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English has a lot of idiomatic expressions. How do I get started learning them? Are there verbs that I can study?es. All verbs in English are not equal. The verbs to be, to get and to have are three of the most important verbs in English, Many of the most popular idiomatic expressions contain one of these three verbs. Do you understand the following expressions: to get paid, to get fat, to get out by the skin of one's teeth, to have a big head, to have the right stuff, to have what it takes, to be all that, to be in one's birthday suit, to be all ears, to be a heartbeat away? The following verbs would also be good to study: to take, to do, to make, to bring, to call, to cut, to come, to let, to tell and to say.
I have a question which can't frankly I'm scared to know the answer. Are words defined metaphorically the same throughout the English-speaking world?
When the words are part of the standard English, than the answer is yes. English-speakers understand each other metaphorically. However, when the words are part of the informal or idiomatic aspect of English, the answer is no. There are aspects of British English that an American English-speaker does not understand. One good example is rhyming slang. Most Americans have no idea what rhyming slang is or mean. Sometimes the difference between the English spoken in one country versus another is so different that some movies have close caption or subtitles.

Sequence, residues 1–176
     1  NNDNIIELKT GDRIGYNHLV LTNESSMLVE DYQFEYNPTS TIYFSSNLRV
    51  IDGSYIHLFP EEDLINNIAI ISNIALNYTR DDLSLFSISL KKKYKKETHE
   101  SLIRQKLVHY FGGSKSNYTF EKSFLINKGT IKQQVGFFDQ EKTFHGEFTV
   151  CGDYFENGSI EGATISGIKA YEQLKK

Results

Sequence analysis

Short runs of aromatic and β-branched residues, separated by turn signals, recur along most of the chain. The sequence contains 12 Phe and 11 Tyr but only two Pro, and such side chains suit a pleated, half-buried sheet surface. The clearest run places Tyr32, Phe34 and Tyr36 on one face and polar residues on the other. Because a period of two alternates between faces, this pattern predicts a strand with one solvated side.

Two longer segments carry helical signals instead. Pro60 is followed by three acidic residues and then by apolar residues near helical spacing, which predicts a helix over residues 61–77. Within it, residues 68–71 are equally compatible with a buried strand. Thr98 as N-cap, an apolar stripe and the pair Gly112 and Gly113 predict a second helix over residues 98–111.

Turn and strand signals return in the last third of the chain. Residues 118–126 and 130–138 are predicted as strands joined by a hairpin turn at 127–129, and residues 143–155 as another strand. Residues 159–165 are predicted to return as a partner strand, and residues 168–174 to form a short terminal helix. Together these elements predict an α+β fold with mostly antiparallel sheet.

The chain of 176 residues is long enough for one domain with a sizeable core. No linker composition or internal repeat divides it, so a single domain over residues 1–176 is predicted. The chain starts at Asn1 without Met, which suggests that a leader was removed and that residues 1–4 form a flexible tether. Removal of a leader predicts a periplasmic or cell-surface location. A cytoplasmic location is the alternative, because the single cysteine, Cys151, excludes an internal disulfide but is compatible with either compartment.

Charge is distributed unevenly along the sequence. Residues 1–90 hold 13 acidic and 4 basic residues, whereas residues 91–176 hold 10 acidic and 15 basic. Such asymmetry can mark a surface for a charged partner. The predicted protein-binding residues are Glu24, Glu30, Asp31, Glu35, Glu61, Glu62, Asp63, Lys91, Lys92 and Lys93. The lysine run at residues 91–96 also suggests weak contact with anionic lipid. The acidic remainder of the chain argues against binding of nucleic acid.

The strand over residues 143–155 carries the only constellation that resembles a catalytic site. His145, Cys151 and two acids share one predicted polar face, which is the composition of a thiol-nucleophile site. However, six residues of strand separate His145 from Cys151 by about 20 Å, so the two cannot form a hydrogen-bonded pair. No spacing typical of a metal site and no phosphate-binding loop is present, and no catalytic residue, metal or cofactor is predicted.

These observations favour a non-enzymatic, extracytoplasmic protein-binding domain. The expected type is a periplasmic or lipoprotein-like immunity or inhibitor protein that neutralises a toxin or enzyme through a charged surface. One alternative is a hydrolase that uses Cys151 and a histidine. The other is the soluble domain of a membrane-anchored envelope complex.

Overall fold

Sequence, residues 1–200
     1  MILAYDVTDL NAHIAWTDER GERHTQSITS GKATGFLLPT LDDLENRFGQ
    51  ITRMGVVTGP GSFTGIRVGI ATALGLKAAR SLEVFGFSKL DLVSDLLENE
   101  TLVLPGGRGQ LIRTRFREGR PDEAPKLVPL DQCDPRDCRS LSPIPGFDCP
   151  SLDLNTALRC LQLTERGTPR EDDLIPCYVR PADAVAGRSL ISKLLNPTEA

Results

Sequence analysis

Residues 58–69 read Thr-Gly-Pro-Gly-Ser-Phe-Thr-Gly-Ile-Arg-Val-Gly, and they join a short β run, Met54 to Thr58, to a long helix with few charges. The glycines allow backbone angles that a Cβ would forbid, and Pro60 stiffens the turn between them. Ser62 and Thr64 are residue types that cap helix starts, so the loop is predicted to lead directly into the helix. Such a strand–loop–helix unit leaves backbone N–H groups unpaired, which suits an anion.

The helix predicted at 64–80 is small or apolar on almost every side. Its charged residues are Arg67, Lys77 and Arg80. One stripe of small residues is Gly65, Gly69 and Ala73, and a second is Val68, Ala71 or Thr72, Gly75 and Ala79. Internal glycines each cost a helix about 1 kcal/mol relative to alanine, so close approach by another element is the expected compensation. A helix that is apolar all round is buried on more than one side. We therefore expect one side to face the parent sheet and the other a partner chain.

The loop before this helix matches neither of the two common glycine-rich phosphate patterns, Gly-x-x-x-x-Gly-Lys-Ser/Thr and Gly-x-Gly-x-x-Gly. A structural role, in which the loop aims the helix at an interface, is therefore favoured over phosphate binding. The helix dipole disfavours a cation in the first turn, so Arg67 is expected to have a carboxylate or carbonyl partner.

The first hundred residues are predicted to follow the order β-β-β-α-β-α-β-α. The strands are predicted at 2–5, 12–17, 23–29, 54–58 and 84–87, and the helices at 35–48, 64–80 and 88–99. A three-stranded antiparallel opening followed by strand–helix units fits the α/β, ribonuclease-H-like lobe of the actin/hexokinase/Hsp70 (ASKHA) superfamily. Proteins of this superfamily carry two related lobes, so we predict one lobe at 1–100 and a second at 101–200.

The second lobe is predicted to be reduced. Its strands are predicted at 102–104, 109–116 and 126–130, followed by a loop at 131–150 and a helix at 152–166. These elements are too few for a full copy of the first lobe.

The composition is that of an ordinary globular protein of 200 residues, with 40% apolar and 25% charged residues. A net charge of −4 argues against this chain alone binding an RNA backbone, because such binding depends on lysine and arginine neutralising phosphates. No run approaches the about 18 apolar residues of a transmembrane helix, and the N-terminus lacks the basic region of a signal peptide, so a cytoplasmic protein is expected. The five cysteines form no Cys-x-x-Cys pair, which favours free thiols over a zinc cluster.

Does that mean that an American English-speaker also has to study English?
If an American English-speaker goes to live in England, Ireland, Scotland, Australia, New Zealand, Canada or any other English-speaking country, YES, he or she must study the English that is spoken in that country.
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